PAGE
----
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Bridgewater Monument conservation works at Ashridge Estate

Summer view of the Bridgewater Monument at Ashridge Estate, Hertfordshire.
This summer, a team of specialist conservation cleaners and stone masons will be working to repair and clean the historic Bridgewater Monument. | © National Trust Images/John Millar

The Bridgewater Monument at the National Trust’s Ashridge Estate is undergoing significant repair and cleaning works to both the internal and external aspects of the building this summer.

July 2024

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The Monument will be closed for the duration of the works, reopening Spring 2025.

History and significance

The Bridgewater Monument commands a striking position overlooking the area and is the recognisable feature of most visits to Ashridge Estate, serving as a reminder of the Estate's historical significance during the late 18th century.

In 1604, Thomas Egerton, chancellor to Elizabeth I, bought Ashridge Estate. It stayed in the family and was home to the Dukes and Earls of Bridgewater for 245 years. Francis Egerton, 3rd Duke of Bridgewater, consolidated the family fortune by developing the first canal in Britain, Bridgewater Canal, in 1761. This would revolutionise transport and earn Francis the title of 'father of British inland navigation.'

In 1831-32, his cousin, John William Edgerton, commissioned the eminent architect, Sir Jeffry Wyatville, to build the Bridgewater Monument in his memory, celebrating his contribution to the development of canals in Britain. It is built in the Neoclassical style and holds a Grade II* listing.

The National Trust took over the care of Ashridge in 1926, allowing public access to the Monument for the first time. Today, approximately 15,000 visitors climb its 172 steps every year to reach its viewing platform, with far reaching views to Wembley Stadium and Canary Wharf.

In 2022, a survey of the Monument revealed wear to the stone steps and erosion of the mortar and historic brickwork. We are passionate and determined to protect and preserve the history and heritage of Ashridge Estate to secure its long-term future, and are therefore working with a team of specialist conservation cleaners and stone masons to carry out the necessary repairs and cleaning.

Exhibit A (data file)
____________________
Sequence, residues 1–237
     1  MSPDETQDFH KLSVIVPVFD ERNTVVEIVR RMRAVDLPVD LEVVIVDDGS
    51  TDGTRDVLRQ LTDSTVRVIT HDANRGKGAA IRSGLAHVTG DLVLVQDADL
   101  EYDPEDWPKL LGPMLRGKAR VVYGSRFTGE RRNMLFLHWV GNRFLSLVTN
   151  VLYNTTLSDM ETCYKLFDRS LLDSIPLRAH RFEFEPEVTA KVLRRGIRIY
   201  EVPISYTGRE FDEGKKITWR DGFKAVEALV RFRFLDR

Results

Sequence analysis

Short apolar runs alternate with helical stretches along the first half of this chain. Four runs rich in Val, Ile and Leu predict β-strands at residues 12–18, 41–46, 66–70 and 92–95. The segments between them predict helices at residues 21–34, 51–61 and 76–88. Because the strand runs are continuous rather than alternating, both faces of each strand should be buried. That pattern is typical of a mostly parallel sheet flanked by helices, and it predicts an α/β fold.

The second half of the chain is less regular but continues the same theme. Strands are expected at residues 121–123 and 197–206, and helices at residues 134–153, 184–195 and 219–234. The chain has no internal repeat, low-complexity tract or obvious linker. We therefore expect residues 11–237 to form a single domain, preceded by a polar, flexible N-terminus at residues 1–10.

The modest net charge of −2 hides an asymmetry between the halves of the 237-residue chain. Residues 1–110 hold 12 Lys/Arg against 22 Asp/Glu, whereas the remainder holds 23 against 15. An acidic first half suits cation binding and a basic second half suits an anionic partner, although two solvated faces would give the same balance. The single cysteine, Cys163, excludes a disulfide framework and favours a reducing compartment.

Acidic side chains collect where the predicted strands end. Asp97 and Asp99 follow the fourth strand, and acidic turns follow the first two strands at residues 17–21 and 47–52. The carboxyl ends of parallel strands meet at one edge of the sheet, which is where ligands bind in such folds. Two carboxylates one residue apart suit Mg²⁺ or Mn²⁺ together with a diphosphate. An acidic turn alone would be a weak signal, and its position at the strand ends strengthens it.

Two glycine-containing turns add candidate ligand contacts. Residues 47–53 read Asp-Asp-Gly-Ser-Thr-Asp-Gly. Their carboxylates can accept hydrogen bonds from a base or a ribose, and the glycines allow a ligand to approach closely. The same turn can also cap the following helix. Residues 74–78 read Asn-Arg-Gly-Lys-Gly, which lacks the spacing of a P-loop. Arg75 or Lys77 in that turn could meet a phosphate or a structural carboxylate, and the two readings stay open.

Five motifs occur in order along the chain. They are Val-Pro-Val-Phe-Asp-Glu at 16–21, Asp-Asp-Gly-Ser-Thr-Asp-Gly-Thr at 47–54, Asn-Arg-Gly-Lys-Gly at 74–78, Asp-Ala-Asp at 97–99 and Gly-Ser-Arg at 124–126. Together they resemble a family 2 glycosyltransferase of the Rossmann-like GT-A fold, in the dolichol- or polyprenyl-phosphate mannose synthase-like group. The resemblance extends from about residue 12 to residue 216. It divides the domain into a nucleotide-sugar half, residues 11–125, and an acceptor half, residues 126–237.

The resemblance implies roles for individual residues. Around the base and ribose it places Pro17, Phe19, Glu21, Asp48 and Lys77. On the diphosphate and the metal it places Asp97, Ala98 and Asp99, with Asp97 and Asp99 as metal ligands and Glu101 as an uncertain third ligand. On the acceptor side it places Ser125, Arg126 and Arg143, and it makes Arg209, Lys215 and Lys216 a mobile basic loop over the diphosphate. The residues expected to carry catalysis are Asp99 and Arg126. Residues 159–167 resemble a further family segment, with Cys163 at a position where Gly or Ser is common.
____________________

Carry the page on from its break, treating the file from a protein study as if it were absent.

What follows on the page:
What work does it need?

Sitting exposed to the elements on a hilltop means that over the years we are seeing areas of erosion and a build-up of moss and algae. Welcoming so many visitors each year has resulted in wear and tear, especially the soft York stone steps and external joinery.

Repairs were last carried out in 1996, but it is thought that this is the first time it has ever been cleaned. Built out of Cornish granite, which is particularly light, the transformation will be spectacular and will give visitors the chance to appreciate the Monument as originally intended.

What work is being done?

Working alongside conservation and heritage experts, we are repairing and cleaning the external and internal granite, limestone, and metal to ensure survival of the Monument for years to come.

The external granite will see removal of biological growth, removal of loose mortar, and repointing. The exterior will be steam cleaned for the first time in its history.

Internally, existing cement will be raked out and repointed. Salts on the internal face of the stonework will be gently rubbed down and the area will be cleaned using a poultice. The softer limestone stairs will be repaired using mortar infill.

Metal work will be rubbed down, have rust removed, corrosion treated, and redecorated.

Who are you working with?

We are working with PAYE, specialists in stonework and historic conservation, and Purcell, architects and heritage experts. All methods they are using are conservation approved and have been carefully tested.

The work has been made possible by supporters of the National Trust.

How long will the Monument be closed for?

The Monument is expected to re-open for spring 2025.

As the work progresses, regular updates will be posted here and across our social channels. We hope that you are excited to come on this transformation journey with us, and will support our efforts to preserve Bridgewater Monument for generations to come.

Conservation in action

24 June

The beginning

On 23 June, the Monument welcomed its last visitors before repair works begin on 24 June.

To kick off the project, 27 metre-high scaffolding will be erected over the next 6 weeks. 

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